Hargan further indicated that the “overpayment “ reference in the attestation portal for the fund is meant to address situations where the provider knows that the fund distribution calculation is in error. For example, if the amount tendered does not conform to the provider’s 2019 fee for service claim revenue or the overall net patient revenue from 2018.  It is intended to address errors in those data inputs.

HHS will be issuing an FAQ to clarify the standard applied to the first and second distributions very soon. If they are unable to finalize the FAQ in time to have providers submit an attestation by the 30 day deadline, HHS will extend the deadline.

Benesch COVID-19 Resource: Just in Time for Return to Work

LeadingAge Ohio partner Benesch summarized new guidance related to employees’ health and safety as they return to work. 

The Equal Employment Opportunity Commission (EEOC) has provided new guidance addressing returning workers with Pre-Existing Medical Conditions.The EEOC has been providing employers with ongoing guidance on addressing COVID-19 related issues in the workplace, including advice on how employers could legally assess and eliminate direct threats to the health and safety of their workforce while complying with the Americans with Disabilities Act (ADA). 

Yesterday, the EEOC provided new guidance addressing how employers could mitigate or eliminate direct threats to a returning employee’s own health and safety. Benesch provided a Q&A, which also includes analysis of prior EEOC guidance in the same format.

The abaqis COVID-19 Self-Assessment, Courtesy of Medline and HealthStream 

LeadingAge Ohio partner Medline has offered a free resource through one of their partners, HealthStream. The abaqis COVID-19 Self-Assessment exactly replicates the COVID-19 Focused Survey for Nursing Homes from CMS, including relevant guidance from CMS and the CDC. With ODH announcing this week that they will begin onsite infection control surveys, this tool, with links to the relevant CMS and CDC webpages, would assist providers in re-evaluating their current compliance with the standards. The tool could be completed and put into the QAPI committee meeting minutes to confirm self-evaluation with the Infection Control standards of practice.

This assessment can currently be accessed at no charge, courtesy of Medline and HealthStream.

Combating Social Isolation for Seniors During the COVID-19 Pandemic

Tomorrow, Thursday, May 7 is National Older Adults Mental Health Awareness Day. 

The Substance Abuse and Mental Health Services Administration (SAMHSA) is holding a webinar tomorrow, May 7 from 1:00 - 2:30 p.m., to discuss practical ideas to promote connection and recovery for older adults with serious mental illness and substance use disorders.

DeWine Announces State Budget Cuts

Governor DeWine yesterday announced $775 million in reductions to Ohio's General Revenue Fund for the remainder of Fiscal Year 2020 which ends on June 30. 

At the end of February and prior to the onset of the COVID-19 pandemic, state revenues for the fiscal year were ahead of estimates by over $200 million. As of the end of April, Ohio's revenues were below the budgeted estimates by $776.9 million.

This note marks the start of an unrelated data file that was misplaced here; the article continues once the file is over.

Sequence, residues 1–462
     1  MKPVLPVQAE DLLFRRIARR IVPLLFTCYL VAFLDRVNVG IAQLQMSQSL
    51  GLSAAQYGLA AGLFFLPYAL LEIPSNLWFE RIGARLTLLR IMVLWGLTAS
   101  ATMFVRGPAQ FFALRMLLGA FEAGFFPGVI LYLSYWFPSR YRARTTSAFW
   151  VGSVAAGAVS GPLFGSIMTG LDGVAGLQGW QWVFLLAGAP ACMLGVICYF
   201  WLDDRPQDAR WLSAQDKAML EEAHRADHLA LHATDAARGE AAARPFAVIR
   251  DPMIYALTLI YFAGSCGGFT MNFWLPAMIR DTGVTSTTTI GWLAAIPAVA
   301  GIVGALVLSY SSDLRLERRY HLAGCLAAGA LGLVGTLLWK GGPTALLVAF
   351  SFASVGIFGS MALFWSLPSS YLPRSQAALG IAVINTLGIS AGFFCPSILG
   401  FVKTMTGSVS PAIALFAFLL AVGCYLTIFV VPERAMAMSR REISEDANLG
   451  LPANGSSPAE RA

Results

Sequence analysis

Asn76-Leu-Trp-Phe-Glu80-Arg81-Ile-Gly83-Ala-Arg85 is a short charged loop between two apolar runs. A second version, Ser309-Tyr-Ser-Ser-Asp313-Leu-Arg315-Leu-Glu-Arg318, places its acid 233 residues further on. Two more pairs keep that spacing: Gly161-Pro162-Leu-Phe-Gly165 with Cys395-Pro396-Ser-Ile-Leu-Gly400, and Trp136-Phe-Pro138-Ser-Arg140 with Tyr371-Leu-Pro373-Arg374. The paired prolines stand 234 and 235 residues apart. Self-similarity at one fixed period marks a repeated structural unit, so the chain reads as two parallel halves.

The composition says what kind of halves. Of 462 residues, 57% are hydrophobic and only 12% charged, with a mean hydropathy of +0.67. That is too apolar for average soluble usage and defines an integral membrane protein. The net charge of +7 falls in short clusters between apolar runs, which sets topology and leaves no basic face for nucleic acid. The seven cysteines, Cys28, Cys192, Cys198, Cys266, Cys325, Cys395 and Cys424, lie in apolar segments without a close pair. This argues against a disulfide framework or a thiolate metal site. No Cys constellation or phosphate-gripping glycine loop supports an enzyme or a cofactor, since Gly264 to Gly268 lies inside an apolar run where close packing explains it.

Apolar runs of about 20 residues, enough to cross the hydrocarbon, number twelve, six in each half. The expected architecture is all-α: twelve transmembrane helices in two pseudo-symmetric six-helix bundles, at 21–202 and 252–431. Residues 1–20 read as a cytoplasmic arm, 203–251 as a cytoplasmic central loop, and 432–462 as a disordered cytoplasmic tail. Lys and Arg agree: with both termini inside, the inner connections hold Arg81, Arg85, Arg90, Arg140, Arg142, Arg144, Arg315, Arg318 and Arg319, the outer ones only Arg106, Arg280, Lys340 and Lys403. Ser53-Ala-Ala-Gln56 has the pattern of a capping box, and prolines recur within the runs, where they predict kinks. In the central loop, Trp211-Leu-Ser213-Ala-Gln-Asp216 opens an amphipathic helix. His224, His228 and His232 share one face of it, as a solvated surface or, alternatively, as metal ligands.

Because Ohio is mandated to balance its budget each year, in addition to identifying areas of savings, the following budget reductions will be made for the next two months:

  • Medicaid:  $210 million
  • K12 Foundation Payment Reduction:  $300 million
  • Other Education Budget Line Items:  $55 million
  • Higher Education:  $110 million
  • All Other Agencies:  $100 million

"Decisions like these are extremely difficult, but they are decisions that are part of my responsibility, as your governor, to make," said Governor DeWine.  “We believe that instituting these cuts now will provide the most stability moving forward, however I am greatly concerned about the cuts we must make in education. We have an obligation to our schools to give them as much predictability as we can, but if we don’t make these cuts now, future cuts would be more dramatic." 

The budget reductions are in addition to Governor DeWine's March 23 directive to freeze hiring, new contracts, pay increases, and promotions at all state agencies, boards, and commissions. The new budget reductions will not apply to critical services available to Ohioans or COVID-19 pandemic services. Money to balance the Fiscal Year 2020 budget will not be drawn from Ohio's Budget Stabilization Fund, otherwise known as the "rainy-day fund."

Projections by Ohio Office of Budget and Management (OBM) Director Kim Murnieks indicate that the state’s revenues will continue to be below estimates in the coming months as Ohio moves through the COVID-19 crisis. LeadingAge Ohio continues to advocate for the needs of its members amid these competing priorities. 

ODM Needs Provider Contacts

In a continuing effort to collect as many current email addresses as possible prior to emailing the FYs 2017 & 2018 overpayment reports, the Ohio Department of Medicaid (ODM) has asked if members would send two valid email addresses to This should include the Ohio Medicaid seven-digit number in the subject line.

If only one email address is possible, that will suffice. However, ODM prefers to be able to include a second person on the email to ensure the reports are delivered. ODM will add this information to its current list to ensure as many facility’s as possible are able to participate in this streamlined approach.